VGJ.Storm’s last LAN appearance left a lot to be desired as they struggled to succeed once the other teams started to study their playstyle, but they’ve had two months since to be more versatile, and if all else fails, there are very few players in the world that you can count on to carry a team like Resolut1on can.
TNC Pro Team
For perhaps the first time ever, an all-Filipino team are headed into a TI and are not being looked at as underdogs. Sure, they’re not exactly heavy favourites, but anything other a deep run will be considered a disappointment for TNC Pro Team from now on.
Moving Carlo ‘Kuku‘ Palad to the position five has allowed Armel Paul ‘Armel‘ Tabios to shine and unlocked the sort of aggression that was missing when Theeban ‘1437‘ Siva was still leading the team. But, the lack of an experienced captain shows, as TNC Pro Team have a tendency to make ill-advised decisions late in the game, and are sometimes incapable of adjusting mid-series against their opponents.
Luckily, those are things that can be fixed with time, and if TNC Pro Team can shore up their weaknesses, they’re going to be one scary team.
Fnatic are third in our four TI8 teams who teased us with a possible breakthrough and are talented enough to put a monkey wrench into any team’s hopes of winning the tournament.
Jacky ‘EternaLEnVy‘ Mao seems content playing a sacrificial role while presumably letting Johan ‘pieliedie‘ Åström call the shots. Saahil ‘UNiVeRsE‘ Arora remains the stable offlaner that he is, and the chemistry between the explosive playmakers of the team, Abed Azel ‘Abed‘ Yusop, and Djardel Jicko B. ‘DJ‘ Mampusti are top notch.
Taken altogether, this Fnatic team is one of the scariest of all the TI8 teams and are capable of taking a series off of anyone.
The former FlyToMoon squad’s claim to fame is coming out of nowhere to take down Virtus.Pro and very nearly taking out Team Liquid at EPICENTER XL. Had they won that particularly close series, PSG.LGD might not have prepared for what was coming to them, and who knows what could’ve happened then?
Since then, they’ve decimated the opposition at the CIS qualifiers, and looked every bit as good as they did a few months back. But, still, concerns remain. They haven’t played in any LANs since and the pressure of playing in foreign land in front of a jampacked audience is a very underrated factor that could lead to Winstrike striking out early.
If Winstrike can avoid tilting and play to their absolute best, they’re a team to watch out for, but if not, well, better luck next year, which makes them very much a wild card at TI8 later this year.
Happy to be Here
Nobody expected Team Serenity to be one of the TI8 teams, let alone beat out the likes of Invictus Gaming and LFY for one of China’s two spots at TI8. But, alas, here they are, and while we’re pretty sure that they aren’t the second coming of Wings Gaming, we’re not exactly certain what to expect of Team Serenity other than for the team to be happy that they got a chance to be here.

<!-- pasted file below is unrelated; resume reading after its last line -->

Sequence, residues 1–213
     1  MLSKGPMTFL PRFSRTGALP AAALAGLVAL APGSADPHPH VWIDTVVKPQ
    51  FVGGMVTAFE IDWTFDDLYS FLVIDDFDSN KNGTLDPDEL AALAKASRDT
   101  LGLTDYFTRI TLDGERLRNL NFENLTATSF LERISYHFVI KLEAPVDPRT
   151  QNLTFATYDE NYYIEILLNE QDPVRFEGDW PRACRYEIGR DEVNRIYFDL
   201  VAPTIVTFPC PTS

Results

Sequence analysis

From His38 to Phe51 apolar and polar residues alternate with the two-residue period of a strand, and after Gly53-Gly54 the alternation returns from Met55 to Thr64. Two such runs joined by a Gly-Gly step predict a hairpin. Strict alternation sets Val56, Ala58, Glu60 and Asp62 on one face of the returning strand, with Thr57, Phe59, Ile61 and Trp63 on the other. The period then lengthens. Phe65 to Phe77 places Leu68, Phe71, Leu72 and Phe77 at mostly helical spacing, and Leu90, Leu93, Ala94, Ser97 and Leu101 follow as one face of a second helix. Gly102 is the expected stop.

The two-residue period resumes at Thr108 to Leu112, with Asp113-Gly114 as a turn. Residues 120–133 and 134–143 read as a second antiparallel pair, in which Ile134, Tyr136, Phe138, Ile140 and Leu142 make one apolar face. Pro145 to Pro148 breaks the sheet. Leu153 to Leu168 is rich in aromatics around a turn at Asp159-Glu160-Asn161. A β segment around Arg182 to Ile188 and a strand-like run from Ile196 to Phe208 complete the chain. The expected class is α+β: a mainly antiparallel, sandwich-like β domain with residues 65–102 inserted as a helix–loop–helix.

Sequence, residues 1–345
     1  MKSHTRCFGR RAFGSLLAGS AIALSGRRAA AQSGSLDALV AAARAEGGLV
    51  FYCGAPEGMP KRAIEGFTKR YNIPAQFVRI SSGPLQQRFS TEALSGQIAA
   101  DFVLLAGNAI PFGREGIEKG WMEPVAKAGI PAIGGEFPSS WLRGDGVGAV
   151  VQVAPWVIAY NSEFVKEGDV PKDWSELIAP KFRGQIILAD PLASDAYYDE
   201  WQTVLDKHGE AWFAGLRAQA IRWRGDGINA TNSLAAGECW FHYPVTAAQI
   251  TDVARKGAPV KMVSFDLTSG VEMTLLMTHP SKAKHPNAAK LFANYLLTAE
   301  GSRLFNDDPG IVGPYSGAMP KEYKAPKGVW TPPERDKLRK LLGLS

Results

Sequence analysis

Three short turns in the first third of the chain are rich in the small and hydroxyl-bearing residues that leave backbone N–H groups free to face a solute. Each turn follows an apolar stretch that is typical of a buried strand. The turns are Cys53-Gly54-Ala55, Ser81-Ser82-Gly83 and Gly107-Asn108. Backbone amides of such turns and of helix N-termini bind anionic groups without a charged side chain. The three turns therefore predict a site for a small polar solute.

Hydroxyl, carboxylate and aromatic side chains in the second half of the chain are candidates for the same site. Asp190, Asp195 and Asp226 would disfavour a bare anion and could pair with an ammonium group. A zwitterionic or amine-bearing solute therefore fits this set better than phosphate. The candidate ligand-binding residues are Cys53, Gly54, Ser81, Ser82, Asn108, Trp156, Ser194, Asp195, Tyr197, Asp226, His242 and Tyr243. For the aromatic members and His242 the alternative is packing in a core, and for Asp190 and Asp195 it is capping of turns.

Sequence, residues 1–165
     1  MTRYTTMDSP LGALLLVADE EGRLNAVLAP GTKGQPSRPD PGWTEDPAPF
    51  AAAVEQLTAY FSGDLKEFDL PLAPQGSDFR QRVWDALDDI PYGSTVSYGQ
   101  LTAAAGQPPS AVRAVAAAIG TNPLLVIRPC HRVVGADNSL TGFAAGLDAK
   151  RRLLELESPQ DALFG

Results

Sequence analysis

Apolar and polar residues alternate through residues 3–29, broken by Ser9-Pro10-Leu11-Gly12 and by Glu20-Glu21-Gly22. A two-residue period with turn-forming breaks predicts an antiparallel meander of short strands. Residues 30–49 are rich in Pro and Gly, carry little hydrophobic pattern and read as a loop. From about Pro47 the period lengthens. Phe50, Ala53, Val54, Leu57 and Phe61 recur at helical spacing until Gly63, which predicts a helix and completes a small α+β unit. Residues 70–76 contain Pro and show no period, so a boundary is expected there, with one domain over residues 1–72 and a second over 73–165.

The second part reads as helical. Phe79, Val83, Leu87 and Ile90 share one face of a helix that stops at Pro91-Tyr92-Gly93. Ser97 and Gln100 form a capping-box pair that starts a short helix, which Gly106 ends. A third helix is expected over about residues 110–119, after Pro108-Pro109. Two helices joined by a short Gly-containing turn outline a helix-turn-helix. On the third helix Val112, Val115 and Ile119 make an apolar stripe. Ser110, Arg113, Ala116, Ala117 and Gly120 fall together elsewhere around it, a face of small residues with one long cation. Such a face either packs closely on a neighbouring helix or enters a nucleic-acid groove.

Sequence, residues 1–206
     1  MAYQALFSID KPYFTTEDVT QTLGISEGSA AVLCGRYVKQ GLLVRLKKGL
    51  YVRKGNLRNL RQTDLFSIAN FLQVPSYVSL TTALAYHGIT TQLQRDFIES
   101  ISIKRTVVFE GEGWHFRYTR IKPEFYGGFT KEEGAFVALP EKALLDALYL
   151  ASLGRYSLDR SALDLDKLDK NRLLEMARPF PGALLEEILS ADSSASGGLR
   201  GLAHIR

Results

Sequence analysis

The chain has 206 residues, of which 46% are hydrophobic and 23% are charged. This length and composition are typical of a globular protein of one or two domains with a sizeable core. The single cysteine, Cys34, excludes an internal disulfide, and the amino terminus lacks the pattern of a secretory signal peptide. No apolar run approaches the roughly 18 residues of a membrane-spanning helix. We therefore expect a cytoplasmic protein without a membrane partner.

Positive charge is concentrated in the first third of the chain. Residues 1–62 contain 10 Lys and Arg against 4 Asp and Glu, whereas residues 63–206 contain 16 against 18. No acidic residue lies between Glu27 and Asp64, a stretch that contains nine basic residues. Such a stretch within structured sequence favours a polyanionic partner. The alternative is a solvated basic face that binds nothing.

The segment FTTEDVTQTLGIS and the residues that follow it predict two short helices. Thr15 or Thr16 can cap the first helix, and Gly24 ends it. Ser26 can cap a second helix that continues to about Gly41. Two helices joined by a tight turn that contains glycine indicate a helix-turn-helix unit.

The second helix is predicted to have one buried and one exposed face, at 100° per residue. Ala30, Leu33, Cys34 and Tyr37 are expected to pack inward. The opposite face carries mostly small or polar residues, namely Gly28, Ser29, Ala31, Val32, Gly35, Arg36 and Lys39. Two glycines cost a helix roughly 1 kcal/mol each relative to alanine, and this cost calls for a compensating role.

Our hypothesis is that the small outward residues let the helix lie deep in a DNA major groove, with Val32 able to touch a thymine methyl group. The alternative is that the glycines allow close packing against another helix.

paiN Gaming barely made it out of the South American qualifiers, which isn’t a good sign, especially when the team that gave them a good run of their money was a revamped SG e-sports roster that only had days to accommodate the joining of Francis ‘FLee‘ Lee and Stanley ‘Stan King‘ Yang.
The Brazilians plus Aliwi ‘w33‘ Omar have done well for themselves all things considered and, next season, if they stick together, they have a chance to do something special. But, as one of the TI8 teams, expecting anything above a 9th-12th place finish from paiN Gaming is pushing it.
VGJ.Thunder were very close to not receiving a direct invite to TI8, and had that happened, there’s no telling if ever they’d make it out of the Chinese Qualifiers as they are.
That alone should speak to VGJ.Thunder’s chances at The International 2018.
Of course, we’re no oracles here. Two months is a long time to practice, and we’re sure Bai ‘rOtK‘ Fan will stop at nothing to whip his team back into shape. But, given the circumstances, it’s hard to expect anything other than an early exit from VGJ.Thunder.
The boys in blue salvaged an otherwise lost season by bringing over Tal ‘Fly‘ Aizik and Gustav ‘s4‘ Magnusson and taking one of the three spots at the North American Qualifiers. Had there been fewer slots, Evil Geniuses’ feat would’ve been more noteworthy. But, that wasn’t the case, and for all the star power that Evil Geniuses have on their roster — a TI3 winner, a TI5 winner, a two-time Major winner, a four-time Major winner, and perhaps the most mechanically skilled player in the world in Artour ‘Arteezy‘ Babaev — we all know that it takes more than just names to make it big in Dota 2’s most prestigious tournament.
Take the star power narrative and flip it over its head and change it to rookies and that’s pretty much the story of OG.
Bringing back Anathan ‘ana‘ Pham was a smart decision, as is picking up Topias ‘Topson‘ Taavitsainen, who’s been a revelation so far. However, as good as these youngsters have been, there’s no telling just how much the pressure can get to them, and we know for a fact that ana has had problems dealing with it in the past.
If OG’s core duo can find a way to continue playing loose even when the stakes are highest, OG will have a chance to make some noise and go deeper than they ever have in the past.
At The International 2015, CDEC Gaming went from an unknown, open qualifier team to runner-ups. Though they were clearly outclassed in the Grand Finals against Evil Geniuses, the fact that they made it all the way there was an achievement on its own.
Three years later, one of the players of the said squad, Sun ‘Aggressif‘ Zheng, is back on the biggest stage in all of Dota 2, with a team that, like CDEC Gaming, isn’t expected to achieve much.
We’re not saying that the same thing will happen to Invictus Gaming, but we’ve seen weirder things before.
Unlike in previous years, none of the TI8 teams is looking like a free win. Arguably every team is capable of taking a game and a series off of anybody. Might this be evidence that the DPC, for all its shortcomings, worked? Perhaps.
Either way, with only a few weeks until The International 2018, expect every one of the TI8 teams to be hard at work and to find a way to elevate their play even further to get a bigger chunk of what’s looking like a record-breaking prize pool and more importantly, make their mark in the history of Dota 2.
All stats courtesy of DatDota unless otherwise stated.
Which of the eighteen TI8 teams are you rooting for the most? Be sure to let us know your thoughts in the comments down below.